This is the first step of my intention to write a series of articles where I would explain some common patterns used in Golang. Let's start with generator pattern:

type Generator func() <-chan int

Generator is a function or method which returns a sequence of values. In Golang, this usually means returning a channel of values of desired type. In our example, we will return a channel of integers. Let's see an implementation of this:

func randomGenerator() <-chan int {
    count := 100
    max := 1000
    dc := make(chan int)
    rand.Seed(time.Now().UnixNano())

    go func() {
        for i := 1; i <= count; i++ {
            dc <- 1 + rand.Intn(max)
        }
        close(dc)
    }()

    return dc
}

As you can see, we have a goroutine inside the function and the reason is that in Go, we usually want to do the things concurrently. This means the generator is going to generate some values and at the same time we are going to process the generated values in another goroutine. And this "another goroutine" may actually be a wait group which means a pool of workers where we wait for all workers to finish before we continue or end the execution. Now let's see an example of Golang's wait group:

type WorkerPool struct {
	Generator Generator
	wg        sync.WaitGroup
	data      <-chan int
}

func (p *WorkerPool) Run(concurrency int) {
	p.data = p.Generator()

	for i := 1; i <= concurrency; i++ {
		p.wg.Add(1)
		go p.worker(i)
	}

	p.wg.Wait()
}

func (p *WorkerPool) worker(i int) {
	fmt.Printf("Worker %d started\n", i)
	defer fmt.Printf("Worker %d exiting\n", i)
	defer p.wg.Done()

	for {
		d, ok := <-p.data
		if !ok {
			// data channel closed
			return
		}

		fmt.Printf("Worker %d processing data: %d\n", i, d)
		// do some heavy lifting
		time.Sleep(200 * time.Millisecond)
	}
}

Here we have a struct which contains one exported field, Generator and two non-exported fields, wg and data. Generator field is of Generator type described above in the article and is used to define a generator function to be used to generate a series of values. We run this method (p.Generator) early in the Run method in order to populate the data channel.

After that, in the Run method we start a group of goroutines controlled by sync.WaitGroup. Before we start each worker goroutine, we run p.wg.Add method adding 1 to it, meaning we tell the wait group that there is one more goroutine to wait for. Later, each worker calls p.wg.Done, which means we are telling the wait group that one worker finished or actually there is one worker less to wait for. Add and Done methods basically add and remove a worker (goroutine) to/from the wait group. Finally, p.wg.Wait will block the execution until all workers in the wait group finish the execution.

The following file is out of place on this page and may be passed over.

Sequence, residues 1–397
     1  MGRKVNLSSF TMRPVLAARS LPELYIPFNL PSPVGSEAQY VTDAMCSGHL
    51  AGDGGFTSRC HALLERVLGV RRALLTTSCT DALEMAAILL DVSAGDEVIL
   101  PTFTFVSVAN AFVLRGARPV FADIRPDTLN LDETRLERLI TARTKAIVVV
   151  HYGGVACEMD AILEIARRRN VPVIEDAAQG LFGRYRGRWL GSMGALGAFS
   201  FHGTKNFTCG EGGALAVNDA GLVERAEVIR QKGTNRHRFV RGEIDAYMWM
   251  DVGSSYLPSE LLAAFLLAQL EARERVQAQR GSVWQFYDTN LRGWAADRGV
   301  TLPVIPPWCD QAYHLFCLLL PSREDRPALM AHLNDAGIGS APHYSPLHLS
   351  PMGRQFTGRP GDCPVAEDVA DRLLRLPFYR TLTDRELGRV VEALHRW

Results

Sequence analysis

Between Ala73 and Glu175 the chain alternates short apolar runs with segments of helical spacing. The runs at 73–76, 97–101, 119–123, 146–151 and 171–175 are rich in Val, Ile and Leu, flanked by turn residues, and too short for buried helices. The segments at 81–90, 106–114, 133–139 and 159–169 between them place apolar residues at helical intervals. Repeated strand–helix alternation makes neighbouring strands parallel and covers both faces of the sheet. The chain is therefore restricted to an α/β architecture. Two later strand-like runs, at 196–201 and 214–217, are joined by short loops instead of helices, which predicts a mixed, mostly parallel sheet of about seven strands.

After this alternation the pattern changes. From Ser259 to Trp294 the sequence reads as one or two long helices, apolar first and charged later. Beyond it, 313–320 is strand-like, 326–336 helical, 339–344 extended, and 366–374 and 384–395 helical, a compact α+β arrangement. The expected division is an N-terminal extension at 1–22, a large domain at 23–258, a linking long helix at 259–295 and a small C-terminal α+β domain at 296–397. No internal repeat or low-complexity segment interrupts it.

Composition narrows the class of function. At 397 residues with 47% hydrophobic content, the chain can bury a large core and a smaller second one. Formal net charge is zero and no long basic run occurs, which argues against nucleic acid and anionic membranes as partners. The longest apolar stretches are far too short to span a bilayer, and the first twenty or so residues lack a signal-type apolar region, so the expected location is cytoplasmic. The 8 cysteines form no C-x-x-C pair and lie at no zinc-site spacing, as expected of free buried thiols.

That would be all about the Run method and now let's explain the things in non-exported method, worker. We have an infinite loop there, meaning we need some way to finish the goroutine and that is the data channel. This loop will end when p.data channel is closed and we check this condition using the ok variable when we receive a value from the channel. Closed channel continuosly emits zero values, but we may use second variable (ok in this case) to find out if we really received a value from the channel or is this just a dummy emition from the closed channel. In case this is just "dummy" value, we return but still deffered methods will be executed, meaning p.wg.Done will be called anaways. You may find more about the behaviour of the closed channels here.

Finally, let's say something about function wrapping and closures in Golang. Generator type from above defines the signature fot this method, but in the real life we may need to pass some arguments to the function. How to do this when Generator type function has no arguments? The answer is function wrapping and we wrap a function which will call a closure in this case, because it uses variable from the wrapper function. This looks like the following:

func random(count, max int) Generator {
	return func() <-chan int {
		dc := make(chan int)
		rand.Seed(time.Now().UnixNano())

		go func() {
			for i := 1; i <= count; i++ {
				dc <- 1 + rand.Intn(max)
			}
			close(dc)
		}()

		return dc
	}
}

So, function random returns a value of Generator type and this can be easily populate the exported, Generator field of WorkerPool struct. Inside the closure, we can used values passed to the random function and still return the right function of Generator type. This is very common in Golang and it is actually called functional programming.

Finally, we run all of this in the following way:

func main() {
	wp := WorkerPool{
		Generator: random(100, 1000),
	}
	wp.Run(3)
}

There is not much to explain here, but you may continue learning and testing this in Go Playground.